genotoxic effect in all 3 models, up to a concentration of 1 x 10-3 M.
At higher concentrations a cytotoxic effect was observed for CAP and
CAP-base in human lymphocytes and RiBM cells, and for CAP only in Raji
cells. No DNA damage could be detected with these compounds.
Table 1. Results of genotoxicity assays on chloramphenicol
Test system Test object Concentration Results Reference
DNA fragmentation V79 cells 4mM weak Martelli et al.,
DNA fragmentation Rat hepatocytes 2 mM weak Martelli et
positive al., 1991
DNA repair assay Cultured human 2 mM weak Martelli et
and rat positive al., 1991
Mutation to TGr V79 cells 2 mM weak Martelli et
positive al., 1991
Micronucleus test Rat liver bone 1250 mg/kg negative Martelli et
marrow cells al., 1991
Chromosomal Human 2.4-4.8 positive1 Sbrana et al.,
aberrations lymphocytes mg/ml 1991
aberrations Mouse bone 50 & 100 positive Sbrana et al.,
marrow cells mg/kg 1991
SCE Human 2.4-3.2 weak Sbrana et al.,
lymphocytes mg/ml positive 1991
SCE V79 cells 3-12 mg/ml weak Sbrana et al.,
SCE Bovine 5-60 µg/ml positive Arruga et al.,
DNA single stand PBL2, Raji >1 x 10-4M positive4 Decloitre et al.,
breaks lymphoma c. 1993
1 Negative in G1 and G2 phases.
2 Human peripheral blood lymphocytes.
3 Immortalized lymphoblastoid cell line originated from human bone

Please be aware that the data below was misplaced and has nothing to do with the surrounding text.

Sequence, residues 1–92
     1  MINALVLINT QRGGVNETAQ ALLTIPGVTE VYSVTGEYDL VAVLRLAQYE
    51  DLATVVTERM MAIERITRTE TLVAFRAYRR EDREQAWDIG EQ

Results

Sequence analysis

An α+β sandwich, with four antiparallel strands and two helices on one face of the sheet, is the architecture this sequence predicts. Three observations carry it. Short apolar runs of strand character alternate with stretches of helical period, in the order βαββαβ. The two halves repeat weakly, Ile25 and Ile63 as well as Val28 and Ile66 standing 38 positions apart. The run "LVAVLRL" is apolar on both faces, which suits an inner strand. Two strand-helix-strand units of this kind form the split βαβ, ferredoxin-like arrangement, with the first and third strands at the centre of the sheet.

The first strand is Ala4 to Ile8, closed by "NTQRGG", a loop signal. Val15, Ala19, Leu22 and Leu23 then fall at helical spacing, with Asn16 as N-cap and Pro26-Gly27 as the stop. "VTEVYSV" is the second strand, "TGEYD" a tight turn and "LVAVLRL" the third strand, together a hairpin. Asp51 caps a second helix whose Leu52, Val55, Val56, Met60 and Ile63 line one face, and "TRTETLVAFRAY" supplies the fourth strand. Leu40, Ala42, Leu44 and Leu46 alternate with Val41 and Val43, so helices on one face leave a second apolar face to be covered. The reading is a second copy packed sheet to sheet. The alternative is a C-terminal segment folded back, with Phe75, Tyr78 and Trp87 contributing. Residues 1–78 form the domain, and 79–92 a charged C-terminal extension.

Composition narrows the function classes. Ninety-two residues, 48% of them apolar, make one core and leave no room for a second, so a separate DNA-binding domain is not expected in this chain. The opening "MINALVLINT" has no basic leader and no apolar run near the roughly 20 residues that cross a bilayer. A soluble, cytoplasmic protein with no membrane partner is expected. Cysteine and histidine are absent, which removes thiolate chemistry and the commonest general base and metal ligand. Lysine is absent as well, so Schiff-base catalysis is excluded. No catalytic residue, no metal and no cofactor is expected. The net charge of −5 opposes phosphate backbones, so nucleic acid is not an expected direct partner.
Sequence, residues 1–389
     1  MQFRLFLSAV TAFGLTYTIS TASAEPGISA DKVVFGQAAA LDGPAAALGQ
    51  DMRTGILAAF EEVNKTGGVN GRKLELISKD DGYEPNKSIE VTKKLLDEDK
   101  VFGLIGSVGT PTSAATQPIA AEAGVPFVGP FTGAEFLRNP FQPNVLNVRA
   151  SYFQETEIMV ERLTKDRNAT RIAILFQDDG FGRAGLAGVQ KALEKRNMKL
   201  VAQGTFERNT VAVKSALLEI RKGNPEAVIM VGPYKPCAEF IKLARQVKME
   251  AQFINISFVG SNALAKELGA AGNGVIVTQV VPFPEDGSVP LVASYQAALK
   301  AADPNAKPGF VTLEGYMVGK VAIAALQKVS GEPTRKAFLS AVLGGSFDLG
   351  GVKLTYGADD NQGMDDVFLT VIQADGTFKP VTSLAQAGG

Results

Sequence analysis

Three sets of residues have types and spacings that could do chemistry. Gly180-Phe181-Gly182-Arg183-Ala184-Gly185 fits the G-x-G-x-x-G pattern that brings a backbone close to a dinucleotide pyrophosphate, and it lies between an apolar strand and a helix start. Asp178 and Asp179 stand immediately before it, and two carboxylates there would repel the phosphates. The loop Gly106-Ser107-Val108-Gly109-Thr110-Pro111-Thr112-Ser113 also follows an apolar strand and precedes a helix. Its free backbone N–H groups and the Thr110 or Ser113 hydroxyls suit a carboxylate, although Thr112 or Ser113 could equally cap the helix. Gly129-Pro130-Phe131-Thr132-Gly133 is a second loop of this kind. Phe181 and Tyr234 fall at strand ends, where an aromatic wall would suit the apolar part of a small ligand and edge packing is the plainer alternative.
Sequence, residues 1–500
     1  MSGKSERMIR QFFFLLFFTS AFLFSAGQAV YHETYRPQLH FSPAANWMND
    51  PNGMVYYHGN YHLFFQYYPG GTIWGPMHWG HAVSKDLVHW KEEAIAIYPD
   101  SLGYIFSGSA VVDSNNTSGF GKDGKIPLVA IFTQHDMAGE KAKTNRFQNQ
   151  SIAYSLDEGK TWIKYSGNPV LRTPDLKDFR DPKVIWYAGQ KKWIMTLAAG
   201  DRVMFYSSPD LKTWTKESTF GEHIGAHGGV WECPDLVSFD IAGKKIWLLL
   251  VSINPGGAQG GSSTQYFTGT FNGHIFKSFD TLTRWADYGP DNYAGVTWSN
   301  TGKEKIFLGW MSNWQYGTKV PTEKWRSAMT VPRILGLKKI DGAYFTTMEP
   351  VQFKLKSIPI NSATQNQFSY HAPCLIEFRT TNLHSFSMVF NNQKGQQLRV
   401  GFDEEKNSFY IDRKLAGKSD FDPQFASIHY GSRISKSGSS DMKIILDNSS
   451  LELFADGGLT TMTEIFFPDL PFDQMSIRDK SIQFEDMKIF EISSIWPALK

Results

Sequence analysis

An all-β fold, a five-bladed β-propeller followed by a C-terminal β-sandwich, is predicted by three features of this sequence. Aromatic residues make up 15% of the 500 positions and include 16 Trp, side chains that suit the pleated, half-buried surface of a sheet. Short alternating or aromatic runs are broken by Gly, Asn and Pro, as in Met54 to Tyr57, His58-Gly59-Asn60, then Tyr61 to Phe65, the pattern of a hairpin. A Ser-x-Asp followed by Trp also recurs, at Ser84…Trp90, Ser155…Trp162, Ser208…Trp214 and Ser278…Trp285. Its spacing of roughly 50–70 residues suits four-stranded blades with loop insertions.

4 Only for 3 CAP metabolites: nitroso-CAP, dehydro-CAP and
The authors concluded that nitroso-CAP, dehydro-CAP, and dehydro-CAP
base were able to induce a cytotoxic effect at concent-ration superior
to 1 x 10-6 M and a genotoxic effect at 1 x 10-4 (no effect
concentration 2 x 10-5) in human cells. Human bone marrow-derived
cells were less sensitive than human peripheral lymphocytes and Raji
cells (Decloitre et al., 1993).
In a literature review and analysis of in vitro studies of the
toxic effects of CAP and its metabolites the authors concluded that the
essential problem is the evaluation of the lowest concentration capable
of inducing genetic lesions. In their view, CAP has a very low or
genotoxic capacity and, for those of its metabolites which are more
active, 3 to 4 logs of concentration separate the possible genotoxic
concentrations in serum from the concentrations that could result from
the ingestion of residues in food of animal origin (Frayssinet et al.,
2.2.2 Special studies on haematological effects
CAP was administered intravenously for 8-17 days to 5 newborn calves
at a daily dosage of 100 mg/kg bw High levels of serum CAP were observed
throughout the study, despite a marked increase in elimination rate seen
with increasing age. Adverse effects included severe hypotension
following rapid i.v. administration and severe gastrointestinal
dysfunction. Minor haematological effects were observed in only one
animal, which included a slight decrease in packed cell volume and
haemoglobin without any related changes in the bone marrow. Based on